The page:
The Romans was asked to create a ‘big bang’ moment for Thriva, billed as the world’s first preventative health service, which requires people to take a blood sample via a finger prick. The result was a cheeky campaign aimed at men aged 25-40, deemed most likely to benefit from the service.
Research by What Clinic in 2016 showed that, while men were 24 per cent less likely to book a GP appointment for minor health concerns, they outperformed on searching for symptoms and treatments online.
The agency enlisted Ant Smith, the self-styled owner of the UK’s smallest penis and author of The Small Penis Bible. Images were produced with the slogan "There’s nothing wrong with a little prick" featuring Smith, the Thriva logo and website details, and placed on two London billboard sites.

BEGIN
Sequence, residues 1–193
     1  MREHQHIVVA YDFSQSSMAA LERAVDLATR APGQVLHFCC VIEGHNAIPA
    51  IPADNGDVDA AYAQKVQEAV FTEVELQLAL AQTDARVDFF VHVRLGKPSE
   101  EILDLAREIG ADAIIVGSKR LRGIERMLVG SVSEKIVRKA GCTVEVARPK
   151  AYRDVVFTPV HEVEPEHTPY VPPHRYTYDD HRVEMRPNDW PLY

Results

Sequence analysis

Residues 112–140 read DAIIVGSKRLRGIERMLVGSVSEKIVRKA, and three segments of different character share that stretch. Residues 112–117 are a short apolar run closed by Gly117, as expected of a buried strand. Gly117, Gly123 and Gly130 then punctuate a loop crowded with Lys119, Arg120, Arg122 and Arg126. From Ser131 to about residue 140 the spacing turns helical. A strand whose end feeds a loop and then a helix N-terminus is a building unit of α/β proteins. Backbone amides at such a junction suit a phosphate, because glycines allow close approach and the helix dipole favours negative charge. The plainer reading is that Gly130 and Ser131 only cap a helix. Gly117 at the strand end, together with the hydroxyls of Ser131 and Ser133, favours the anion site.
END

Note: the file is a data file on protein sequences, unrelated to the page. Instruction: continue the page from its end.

Rather than an ad campaign, the sites were a mechanism for the PR drive to announce the launch of Thriva and Smith’s involvement.
There were 13 pieces of national coverage on day one; 85 per cent of coverage used the imagery; and all the reports explained Thriva’s business and how its tests work.
"Truly exceptional. Great creativity - told on a tiny budget. Excellent results. Impact"
Pricks, penises and PR penetration.
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Here's a campaign that helped a new brand with a small budget reach an audience of over 735 million.